Available WHILST STOCKS LAST as WRATH, RUIN AND A RED NIGHTFALL: The Art of John Cockshaw from Amazon.
Welcome to the blog and this collection of original artwork inspired by The Lord of the Rings and J.R.R Tolkien's wider mythology of Middle-earth. Aside from the influence of the source writing of Tolkien influence is also drawn from Director Peter Jackson's film trilogy (2001-2003) and the highly regarded Tolkien illustrators Alan Lee and John Howe. The magnificent musical score written for the film trilogy by Howard Shore also holds a significant influence upon the atmospheric and evocative quality of the works in this collection. From Mordor to the Misty Mountains combines landscape, miniature-scale and composite photography to depict locations, dramatic scenes and characters from the enduringly popular stories.
PLEASE NOTE: This blog showcases Artwork (completed and in progress) and related exhibition news. There is NO option to purchase Art through this site at this time. Please visit from time to time as this may well change soon.
Copyright of all images belongs to John A Cockshaw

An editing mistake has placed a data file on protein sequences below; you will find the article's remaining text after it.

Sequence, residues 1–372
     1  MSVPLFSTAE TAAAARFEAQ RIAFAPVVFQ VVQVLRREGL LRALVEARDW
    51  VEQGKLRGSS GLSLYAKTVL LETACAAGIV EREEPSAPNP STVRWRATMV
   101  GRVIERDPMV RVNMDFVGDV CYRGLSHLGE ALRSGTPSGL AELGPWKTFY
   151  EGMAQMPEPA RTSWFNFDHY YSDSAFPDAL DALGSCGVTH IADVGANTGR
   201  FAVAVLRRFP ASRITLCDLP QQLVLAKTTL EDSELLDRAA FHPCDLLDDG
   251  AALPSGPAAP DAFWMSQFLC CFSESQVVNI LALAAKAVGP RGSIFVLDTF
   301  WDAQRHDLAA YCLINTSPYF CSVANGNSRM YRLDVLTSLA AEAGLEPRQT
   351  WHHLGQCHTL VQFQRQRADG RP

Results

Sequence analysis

Drawn live at the ART IN THE MILL Gallery in Knaresborough during the final week of the collective exhibition 'Far from the Shire', this mountainous view of The Blue Mountains began with a line and pencil-shaded under-drawing before further development with drawing pen and watercolour pen.
The exhibition has now come to a close officially and a proper report with photographs will follow very soon.
(Acrylic and ink. John Cockshaw, 2017)
Bywater and the scouring of The Shire
(Pen, ink and acrylic on paper. John Cockshaw, 2017)
This newly posted piece dates back to a year ago and, as a combination of ink drawing and photographic study, was produced specifically for the exhibition 'Dales of a perilous Realm' featuring myself and Archaeologist Shaun Richardson that featured at Mill Bridge Gallery in Skipton, Yorkshire between February and June 2016. The reference point is Ingleborough, one of the forbidding Three Peaks that lie in the breathtaking Yorkshire Dales.
The months leading up to September this year were extremely busy with planning and discussion between a horde of artists and organisers for an exhibition that I had the good fortune of having a prominent role. It was an exciting time and an exciting exhibition too.
'ILLUMINATING TOLKIEN: An exhibition of Art and Illustration' was the show that resulted. In partnership with Time&Tide Events, a Gateshead-based events team (and Tolkien enthusiasts), we worked to a plan of putting on an exhibition inspired by Middle-earth to feature at their second annual Tolkien Weekend event in Newcastle. The first Tolkien Weekend in September 2015 attracted an impressive footfall of visitors and even gained (surprisingly) coverage of BBC's Songs of Praise. For 2016 Time&Tide managed to attract the attention of JRR Tolkien's great-grandson Royd Tolkien as guest of honour.